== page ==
Malaysia is the holder of the Thomas cup – symbolic of world Badminton supremacy.  Since the institution of the Thomas Cup, only two nations have won it – namely:  Malaysia from 1948 to 1955 and Indonesia from 1957 to 1964.  Malaysia won it back in 1967.  These are both Asian countries.

 

This is the first time that the Philippines will be host to an Asian championship in Badminton.  The ABC is composed to 17 nations.  Filipinos could very well be champions in the game.  Badminton is played in more countries than any other sports – with the possible exception of tennis.    In Indonesia, there are 10 million persons who play Badminton.  In Malaysia and Singapore, no school will be allowed to operate without a badminton court. 

 

The First Asian Confederation Badminton Championship was held in India.

04
Feb
09

Aalto, Alvar (4 of 4)

Many of his projects involved site planning of building groups.  Two such projects were the master plans of colleges at Otaniemi (1949-55) and at  Jyvaskyla (1952-57).  Aalto’s experience in planning originated early with such industrial commissions as the Sunila cellulose factory (designed 1936-39, built 1951-54), which included workers’ housing and was a triumph of comprehensive planning.

The single work that epitomizes Aalto’s mature style is perhaps the Saynatsalo town hall group.  Modest in scale in its forest setting, it nonetheless assets a quiet force.  Its simple forms are in red brick, wood, and copper, all traditional materials of Finland.  Viewing it, a person feels the achievement of a perfect building, in that the essence of the time, the place, the people, and their purpose is brought into focus by the awareness of the architect.

There are two buildings by Aalto in the United States: Baker House dormitory, at the Massachusetts Institute of Technology in Cambridge, where Aalto was professor of architecture from 1945 to 1949; and the library of Mount Angel Abbey (a Benedictine college and seminary), in Oregon.  Baker House, on the embankment of the Charles River, takes the form of a six-storey serpentine wall of rough red brick.  Each of the dormitory rooms, some of which are wedge-shaped, has a view either up or down the river.  Like Baker House, the Mount Angel library is an example of Aalto’s response to the site.  Its interior construction follows the downward-sloping terrain, enclosing a dramatic, multilevel room that fans out from the entrance.  The bookcases are arranged in radial pattern, and the room is lighted by curved skylights that repeat the rhythmic lines of the balconies.

Aalto received many honours.  He was a member of the Academy of Finland (Suomen Aketemia) and was its president from 1963 to 1968;  he was a member of the Congres Internationaux d’Architecture Moderne from 1928 to 1956.  His awards included the Royal Gold Medal for Architecture from the Royal Institute of British Architects (1957) and the Gold Medal from the American Institute of Architects (1963).  He died in Helsinki on May 11, 1976. William Benton (1943-1973), Helen Hemingway Benton (1973-1974). “The New Encyclopedia Britannica”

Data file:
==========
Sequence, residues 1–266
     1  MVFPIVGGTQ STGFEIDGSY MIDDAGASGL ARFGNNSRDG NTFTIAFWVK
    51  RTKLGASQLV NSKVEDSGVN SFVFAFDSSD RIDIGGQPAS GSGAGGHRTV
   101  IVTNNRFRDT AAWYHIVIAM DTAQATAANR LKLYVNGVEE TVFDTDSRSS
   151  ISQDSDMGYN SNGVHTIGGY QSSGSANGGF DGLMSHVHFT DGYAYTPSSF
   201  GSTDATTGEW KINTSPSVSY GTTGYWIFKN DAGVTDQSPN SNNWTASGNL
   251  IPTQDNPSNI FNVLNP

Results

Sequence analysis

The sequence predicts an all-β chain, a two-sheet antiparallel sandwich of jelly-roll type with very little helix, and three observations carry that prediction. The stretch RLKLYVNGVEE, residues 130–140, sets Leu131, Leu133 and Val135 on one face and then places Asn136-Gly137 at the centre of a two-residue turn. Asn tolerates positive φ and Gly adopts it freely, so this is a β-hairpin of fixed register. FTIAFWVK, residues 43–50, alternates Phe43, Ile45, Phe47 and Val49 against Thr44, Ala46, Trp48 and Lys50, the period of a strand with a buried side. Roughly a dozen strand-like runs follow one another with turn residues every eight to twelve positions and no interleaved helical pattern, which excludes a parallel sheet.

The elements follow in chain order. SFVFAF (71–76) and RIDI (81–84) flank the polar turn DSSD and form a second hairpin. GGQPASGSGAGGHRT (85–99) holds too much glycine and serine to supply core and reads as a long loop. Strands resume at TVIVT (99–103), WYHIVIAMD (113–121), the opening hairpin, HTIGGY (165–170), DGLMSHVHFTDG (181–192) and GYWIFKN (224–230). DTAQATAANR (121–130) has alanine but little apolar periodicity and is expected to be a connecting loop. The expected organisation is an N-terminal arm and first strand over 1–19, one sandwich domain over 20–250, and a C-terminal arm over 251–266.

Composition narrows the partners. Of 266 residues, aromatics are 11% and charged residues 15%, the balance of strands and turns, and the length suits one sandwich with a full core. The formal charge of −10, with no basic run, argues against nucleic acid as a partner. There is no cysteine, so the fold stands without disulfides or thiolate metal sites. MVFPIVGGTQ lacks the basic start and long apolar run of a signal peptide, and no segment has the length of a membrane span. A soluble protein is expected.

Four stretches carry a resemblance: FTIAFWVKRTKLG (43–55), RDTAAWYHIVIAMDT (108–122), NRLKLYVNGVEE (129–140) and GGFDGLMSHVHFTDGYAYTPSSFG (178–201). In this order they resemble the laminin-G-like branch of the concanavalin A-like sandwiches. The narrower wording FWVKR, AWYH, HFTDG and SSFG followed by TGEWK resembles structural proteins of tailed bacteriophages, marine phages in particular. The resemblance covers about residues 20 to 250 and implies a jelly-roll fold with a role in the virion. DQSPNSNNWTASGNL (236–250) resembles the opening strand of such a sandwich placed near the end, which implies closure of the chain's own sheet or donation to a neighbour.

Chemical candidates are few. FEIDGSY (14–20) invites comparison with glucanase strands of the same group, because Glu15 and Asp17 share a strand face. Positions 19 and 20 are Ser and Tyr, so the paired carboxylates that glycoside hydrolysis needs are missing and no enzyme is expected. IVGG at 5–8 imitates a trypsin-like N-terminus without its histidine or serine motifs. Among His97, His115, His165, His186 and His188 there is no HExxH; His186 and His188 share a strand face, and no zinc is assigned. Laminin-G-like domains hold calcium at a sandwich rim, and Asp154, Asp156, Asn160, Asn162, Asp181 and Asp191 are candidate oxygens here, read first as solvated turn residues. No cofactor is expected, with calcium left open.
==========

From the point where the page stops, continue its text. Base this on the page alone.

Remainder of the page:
03
Feb
09

Aalto, Alvar (3 of 4)

Finnish pavilions for two world’s fair (Paris, 1937); New York, 1939-40)  further enhanced Aalto’s reputation as an inventive designer of free architectural forms.  In these designs, both chosen in competition, he continued to use wood for structure and for surfaces effects.  Further renown came in 1938, when the Museum of Modern Art in New York City held an exhibition of his work, showing photographs of his buildings and examples of his furniture.

Aalto’s  experiments in furniture date from the early 1930’s, when he furnished the sanatorium at Paimio.  His furniture is noted for its use of laminated wood in ribbonlike forms that serve both structural and aesthetic ends.  In 1935 the Artek Company was established by Aalto and Mairea Gullichsen, the wife of the industrialist and art collector, to manufacture and market his furniture.  The infornal warmth of Aalto’s interiors is best seen in the much admired country home Villa Mairea, which he built for the Gullichsens near Noormarkku, Finland.

Mature style.  The decade of the 1940s was not productive;  it was disrupted by war and saddened by his wife’s death.  In 1952 he married Elissa Makinieni, a trained architect, who became his new collaborator.

Aalto’s commissions after 1950, in addition to being greater in umber, were more varied and widely dispersed: a high-rise apartment building in Bremen (1958), persed:  a church in Bologna (1966), an art museum in Ian (1970).  His continuing work in Finland, however, remained the measure of his genius. – William Benton (1943-1973), Helen Hemingway Benton (1973-1974). “The New Encyclopedia Britannica”